You can take action yourself with your landlord. I suggest communicating via text or email (to have a paper trail) and explaining your situation. Being upfront before your financial situation gets too bad is best. Ask what the options are concerning paying rent, see if you can come to a mutual agreement on waiving rent or paying a reduced rate, and also most importantly speak about the future. Ask if your rent will accrue if you can’t pay (meaning if you will have to pay the back rent when things return to normalcy) or if your rent will be waived and start fresh once things start to settle.

Look at your finances, be honest about what you can pay and don’t promise more than what you can do. If you have roommates speak candidly (and kindly) with each other about rent so there are no surprises and that you go in together.

No matter the outcome of your conversation, be sure to get SOMETHING IN WRITING FROM YOUR LANDLORD. If they prefer to have a conversation over the phone just request if you can have also get email on what you’ve settled on (even if it is in the negative). You can even offer to draft something up so they don’t have to do the work.

I know it’s difficult, but try your hardest to stay calm and keep up to date on what your city/state/country is doing about rents and mortgages.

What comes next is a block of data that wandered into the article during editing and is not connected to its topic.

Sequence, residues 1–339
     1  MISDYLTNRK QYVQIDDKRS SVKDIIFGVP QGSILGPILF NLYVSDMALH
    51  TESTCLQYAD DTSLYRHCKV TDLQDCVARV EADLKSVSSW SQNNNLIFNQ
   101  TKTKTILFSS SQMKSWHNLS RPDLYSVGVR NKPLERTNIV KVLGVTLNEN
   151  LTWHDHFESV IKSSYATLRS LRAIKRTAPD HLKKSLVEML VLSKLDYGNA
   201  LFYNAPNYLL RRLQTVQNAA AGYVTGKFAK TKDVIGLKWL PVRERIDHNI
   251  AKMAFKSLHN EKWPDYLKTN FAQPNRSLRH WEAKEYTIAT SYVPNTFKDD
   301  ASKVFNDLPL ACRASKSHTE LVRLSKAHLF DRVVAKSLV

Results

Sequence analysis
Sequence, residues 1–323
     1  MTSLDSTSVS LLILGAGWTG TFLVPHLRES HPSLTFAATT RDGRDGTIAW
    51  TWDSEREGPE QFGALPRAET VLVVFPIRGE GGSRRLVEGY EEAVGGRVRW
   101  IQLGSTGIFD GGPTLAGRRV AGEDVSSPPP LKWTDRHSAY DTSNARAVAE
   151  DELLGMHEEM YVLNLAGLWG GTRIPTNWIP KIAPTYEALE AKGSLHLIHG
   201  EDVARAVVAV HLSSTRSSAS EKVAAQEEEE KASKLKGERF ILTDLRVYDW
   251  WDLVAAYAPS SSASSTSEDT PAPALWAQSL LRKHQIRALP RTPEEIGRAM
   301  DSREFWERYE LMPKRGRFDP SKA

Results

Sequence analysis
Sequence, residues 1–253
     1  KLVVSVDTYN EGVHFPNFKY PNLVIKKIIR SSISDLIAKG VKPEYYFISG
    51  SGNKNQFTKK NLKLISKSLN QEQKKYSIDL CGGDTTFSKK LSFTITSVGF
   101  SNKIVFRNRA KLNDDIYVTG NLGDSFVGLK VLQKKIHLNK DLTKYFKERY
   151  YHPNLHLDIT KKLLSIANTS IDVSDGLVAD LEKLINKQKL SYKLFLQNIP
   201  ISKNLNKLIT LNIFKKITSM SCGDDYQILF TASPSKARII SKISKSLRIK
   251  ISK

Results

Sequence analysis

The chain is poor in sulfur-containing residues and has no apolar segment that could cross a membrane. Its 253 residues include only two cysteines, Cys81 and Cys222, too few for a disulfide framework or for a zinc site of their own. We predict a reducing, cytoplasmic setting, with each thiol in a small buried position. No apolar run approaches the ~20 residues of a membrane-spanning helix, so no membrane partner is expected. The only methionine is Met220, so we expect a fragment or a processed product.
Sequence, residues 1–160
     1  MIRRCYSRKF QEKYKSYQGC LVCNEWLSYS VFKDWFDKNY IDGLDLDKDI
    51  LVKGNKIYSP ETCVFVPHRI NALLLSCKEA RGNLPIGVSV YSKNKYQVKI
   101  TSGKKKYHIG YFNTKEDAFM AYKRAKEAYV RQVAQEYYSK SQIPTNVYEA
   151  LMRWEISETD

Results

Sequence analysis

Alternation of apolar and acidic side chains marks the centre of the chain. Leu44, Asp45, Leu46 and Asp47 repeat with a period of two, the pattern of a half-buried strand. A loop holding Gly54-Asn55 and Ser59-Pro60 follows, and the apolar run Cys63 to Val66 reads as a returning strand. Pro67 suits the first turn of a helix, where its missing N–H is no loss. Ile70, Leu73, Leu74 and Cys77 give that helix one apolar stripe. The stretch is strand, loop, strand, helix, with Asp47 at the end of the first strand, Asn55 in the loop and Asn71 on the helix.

Insurance

Lastly, should you feel as though you have the symptoms of COVID-19 — how do you go about paying for and receiving medical care?

If you have insurance through your job or anywhere else, call your provider. Visit their site (many have a dedicated COVID-19 page) and ask all questions you need to get information about what is covered.

Some insurances, including Medicare or Medicaid, are waiving the copays and other costs of the test, but not the treatment. If you are uninsured you may be charged at the rate set by the doctor or office you have chosen to visit.


“People will always show you who they are if you just let them,” is something my mama always says that sticks with me, especially in times of anxiety, panic or need. I may not be able to help everyone directly financially as much as I’d like, but I hope this shows you how much I care about you and all those in our community.